- A Culture Focused on Conservatism and Cost: The regulated utility model is based on predictability. Shareholders expect predictable returns and utilities seek predictable revenue growth. Politicians and regulators demand reliable or predictable performance, and customers want predictable rates. Variability adds cost, and cost is an anathema to the prevailing model. Just look at the preoccupation with least-cost, fixed cost, cost-recovery, and cost-shifting. “Value” takes a backseat to “cost.” And even when “value” is considered, it is defined as “avoided cost.” After all, customers are ratepayers, and delivering value means keeping rates (i.e. costs) low. But greater deployment of DER won’t be predictable, and their value to customers will not be limited to avoided costs. DER will enable customers to spend less or do more – or do more and spend less. DER will increase reliability, resilience, control, and convenience. They will create new ways for customers to interact with energy and with each other, perhaps creating peer-to-peer models akin to those of Airbnb or Uber. To unlock the full potential of DER, prices cannot be narrowly defined by avoided cost; prices must be determined by customers’ willingness to buy and sell services. Regulated utilities have been struggling to convince customers of the value of the distribution grid. This suggests that utilities may not be qualified to capitalize on DER. If value is defined as avoided cost, it is unlikely that distribution utilities will be able to elevate the value of the grid in the customers’ mind; just to maintain the current performance of the grid, utilities will need to invest billions in the aging infrastructure and thus add more cost to end customers.
 This may not apply for all utilities. As Greentech Media reports, APS has been permitted (but not approved) to invest in rooftop solar after having stated that solar’s benefits are “unproven.”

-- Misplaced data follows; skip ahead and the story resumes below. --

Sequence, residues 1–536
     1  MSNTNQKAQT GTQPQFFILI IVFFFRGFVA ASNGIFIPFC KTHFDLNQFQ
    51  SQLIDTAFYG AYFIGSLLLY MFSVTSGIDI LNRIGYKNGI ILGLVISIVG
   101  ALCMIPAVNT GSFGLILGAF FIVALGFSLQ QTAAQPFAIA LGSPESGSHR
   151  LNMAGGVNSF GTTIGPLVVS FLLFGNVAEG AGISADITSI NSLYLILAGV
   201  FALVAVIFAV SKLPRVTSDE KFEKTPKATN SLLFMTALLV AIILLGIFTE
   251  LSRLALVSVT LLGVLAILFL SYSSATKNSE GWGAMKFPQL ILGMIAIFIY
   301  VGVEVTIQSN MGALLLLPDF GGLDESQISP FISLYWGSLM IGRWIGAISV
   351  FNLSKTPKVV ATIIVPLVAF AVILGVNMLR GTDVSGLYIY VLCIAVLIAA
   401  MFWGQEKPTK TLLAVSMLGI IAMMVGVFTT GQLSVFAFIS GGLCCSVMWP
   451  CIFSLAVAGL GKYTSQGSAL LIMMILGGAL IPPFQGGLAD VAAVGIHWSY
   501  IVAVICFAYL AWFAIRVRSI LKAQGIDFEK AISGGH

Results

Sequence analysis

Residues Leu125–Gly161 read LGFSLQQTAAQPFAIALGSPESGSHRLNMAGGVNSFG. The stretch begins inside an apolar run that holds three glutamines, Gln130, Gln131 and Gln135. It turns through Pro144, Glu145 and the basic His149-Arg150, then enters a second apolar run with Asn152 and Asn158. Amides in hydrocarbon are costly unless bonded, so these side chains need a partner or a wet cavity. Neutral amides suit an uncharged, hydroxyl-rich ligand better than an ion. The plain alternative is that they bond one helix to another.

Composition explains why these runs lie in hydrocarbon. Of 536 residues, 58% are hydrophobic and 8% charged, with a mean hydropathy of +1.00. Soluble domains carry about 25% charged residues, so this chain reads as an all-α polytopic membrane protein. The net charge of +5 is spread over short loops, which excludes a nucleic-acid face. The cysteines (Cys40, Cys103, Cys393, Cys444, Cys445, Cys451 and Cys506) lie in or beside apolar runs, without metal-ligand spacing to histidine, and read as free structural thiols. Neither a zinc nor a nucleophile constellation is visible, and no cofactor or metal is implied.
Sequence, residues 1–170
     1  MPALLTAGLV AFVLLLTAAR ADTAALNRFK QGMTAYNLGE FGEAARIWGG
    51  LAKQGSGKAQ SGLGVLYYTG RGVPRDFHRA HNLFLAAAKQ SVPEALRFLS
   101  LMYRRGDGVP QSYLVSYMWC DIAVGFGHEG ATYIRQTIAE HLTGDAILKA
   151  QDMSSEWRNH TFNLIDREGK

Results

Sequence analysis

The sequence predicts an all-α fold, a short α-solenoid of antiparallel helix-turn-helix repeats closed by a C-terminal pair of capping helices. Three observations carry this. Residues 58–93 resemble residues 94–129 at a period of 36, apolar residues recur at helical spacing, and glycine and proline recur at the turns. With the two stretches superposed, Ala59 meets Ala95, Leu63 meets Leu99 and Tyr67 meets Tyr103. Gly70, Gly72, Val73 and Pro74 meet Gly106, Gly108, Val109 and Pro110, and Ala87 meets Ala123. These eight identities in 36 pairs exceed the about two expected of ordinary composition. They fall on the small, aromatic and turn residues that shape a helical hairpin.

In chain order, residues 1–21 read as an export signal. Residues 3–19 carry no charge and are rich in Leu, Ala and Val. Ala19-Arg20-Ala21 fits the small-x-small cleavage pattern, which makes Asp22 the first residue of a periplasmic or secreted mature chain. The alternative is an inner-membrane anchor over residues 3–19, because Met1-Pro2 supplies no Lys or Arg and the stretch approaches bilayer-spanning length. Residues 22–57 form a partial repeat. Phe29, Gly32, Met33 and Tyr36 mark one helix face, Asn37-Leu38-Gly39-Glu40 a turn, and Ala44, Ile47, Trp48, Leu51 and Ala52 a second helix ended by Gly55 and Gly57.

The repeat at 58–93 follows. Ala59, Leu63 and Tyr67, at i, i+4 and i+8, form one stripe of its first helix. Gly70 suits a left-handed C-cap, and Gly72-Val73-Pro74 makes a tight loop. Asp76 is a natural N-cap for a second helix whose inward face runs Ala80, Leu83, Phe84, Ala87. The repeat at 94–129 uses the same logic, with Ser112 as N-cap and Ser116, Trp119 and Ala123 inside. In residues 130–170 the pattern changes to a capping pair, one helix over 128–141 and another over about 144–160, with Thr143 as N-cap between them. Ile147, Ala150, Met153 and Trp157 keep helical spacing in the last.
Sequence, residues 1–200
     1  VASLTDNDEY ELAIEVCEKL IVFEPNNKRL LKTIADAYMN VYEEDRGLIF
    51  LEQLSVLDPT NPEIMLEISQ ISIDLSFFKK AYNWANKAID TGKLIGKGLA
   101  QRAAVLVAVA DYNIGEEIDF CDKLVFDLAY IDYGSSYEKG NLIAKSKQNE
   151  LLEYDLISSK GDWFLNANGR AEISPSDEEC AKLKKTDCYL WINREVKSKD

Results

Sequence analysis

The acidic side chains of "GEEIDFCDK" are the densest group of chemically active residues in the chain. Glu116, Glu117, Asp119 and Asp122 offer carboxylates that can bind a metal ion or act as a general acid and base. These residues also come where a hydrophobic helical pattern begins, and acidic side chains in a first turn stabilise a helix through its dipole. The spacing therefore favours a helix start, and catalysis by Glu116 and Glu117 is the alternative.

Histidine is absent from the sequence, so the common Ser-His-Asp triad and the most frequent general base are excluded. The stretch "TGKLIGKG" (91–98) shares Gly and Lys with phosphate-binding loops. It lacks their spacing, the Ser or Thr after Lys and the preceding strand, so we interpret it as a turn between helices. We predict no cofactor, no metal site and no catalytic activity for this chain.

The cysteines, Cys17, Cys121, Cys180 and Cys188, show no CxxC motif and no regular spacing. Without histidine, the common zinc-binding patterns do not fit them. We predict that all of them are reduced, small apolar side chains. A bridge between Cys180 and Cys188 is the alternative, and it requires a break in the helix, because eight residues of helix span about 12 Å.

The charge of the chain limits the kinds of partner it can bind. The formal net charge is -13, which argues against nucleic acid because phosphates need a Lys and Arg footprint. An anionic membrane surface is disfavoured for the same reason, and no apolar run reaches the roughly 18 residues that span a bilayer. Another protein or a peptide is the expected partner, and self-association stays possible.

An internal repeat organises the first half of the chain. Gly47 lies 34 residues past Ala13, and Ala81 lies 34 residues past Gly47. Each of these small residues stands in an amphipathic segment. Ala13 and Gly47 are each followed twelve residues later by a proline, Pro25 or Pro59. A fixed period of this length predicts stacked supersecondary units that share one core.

The Federal Trade Commission makes this argument in its filing in the New York’s REV proceeding.
 This ensures that future ratepayers benefit as much from tax credits as current ratepayers. However, the normalization rules only apply to rates charged to customers and not necessarily to taxes the utilities actually pay. A good discussion can be found here.
 Note: Having a captive ratepayer base gives a utility access to low-cost debt capital, which – when combined with their authorized ROE – can lower its total cost of capital relative to that of competitive market. Residential solar financing is mostly dependent on tax equity, but has been increasingly tapping debt capital through market instruments, such as securitization.
The Real Question: Where Will the Revenues Come From?
If regulated utilities already have trouble creating value for end customers, how will they pay for investment in the grid, much less investment in customer-sited DER? And if the answer to that question is unclear, we need to think seriously about how utilities might – or might not – profit from DER.
When businesses request capital for new ventures, the first thing capital providers look at is the revenue stream – how will new venture make money? The public needs to do the same with utilities, since ultimately the ratepayers will be paying for the capital if utilities rate base DER.
Utilities’ primary source of revenue is the sales of kWh. As the chart below indicates, that revenue stream has slowed to a trickle.